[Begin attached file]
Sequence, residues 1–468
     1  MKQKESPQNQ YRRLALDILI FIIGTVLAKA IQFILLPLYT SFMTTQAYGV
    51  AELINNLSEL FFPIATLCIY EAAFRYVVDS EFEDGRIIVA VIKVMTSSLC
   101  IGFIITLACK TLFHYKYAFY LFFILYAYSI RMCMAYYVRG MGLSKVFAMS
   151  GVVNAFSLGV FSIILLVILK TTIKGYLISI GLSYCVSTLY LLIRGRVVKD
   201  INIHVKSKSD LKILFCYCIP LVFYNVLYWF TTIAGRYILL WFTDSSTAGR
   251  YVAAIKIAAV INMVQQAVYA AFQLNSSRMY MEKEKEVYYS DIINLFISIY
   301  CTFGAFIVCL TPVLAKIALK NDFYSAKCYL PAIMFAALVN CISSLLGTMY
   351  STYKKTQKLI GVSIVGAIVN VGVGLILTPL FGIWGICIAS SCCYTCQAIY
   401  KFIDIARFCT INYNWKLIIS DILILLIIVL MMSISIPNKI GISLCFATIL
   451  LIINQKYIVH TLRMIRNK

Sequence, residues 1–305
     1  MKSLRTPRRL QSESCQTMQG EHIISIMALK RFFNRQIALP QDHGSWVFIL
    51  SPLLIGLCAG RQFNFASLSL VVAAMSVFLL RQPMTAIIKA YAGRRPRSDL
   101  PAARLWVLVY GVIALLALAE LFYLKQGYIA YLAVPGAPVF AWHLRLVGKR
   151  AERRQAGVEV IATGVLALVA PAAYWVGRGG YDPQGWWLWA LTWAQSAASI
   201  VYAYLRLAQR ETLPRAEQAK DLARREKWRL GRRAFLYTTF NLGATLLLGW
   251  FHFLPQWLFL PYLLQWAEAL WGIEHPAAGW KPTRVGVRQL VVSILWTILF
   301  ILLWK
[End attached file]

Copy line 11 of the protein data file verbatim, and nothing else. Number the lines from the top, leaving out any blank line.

   451  LIINQKYIVH TLRMIRNK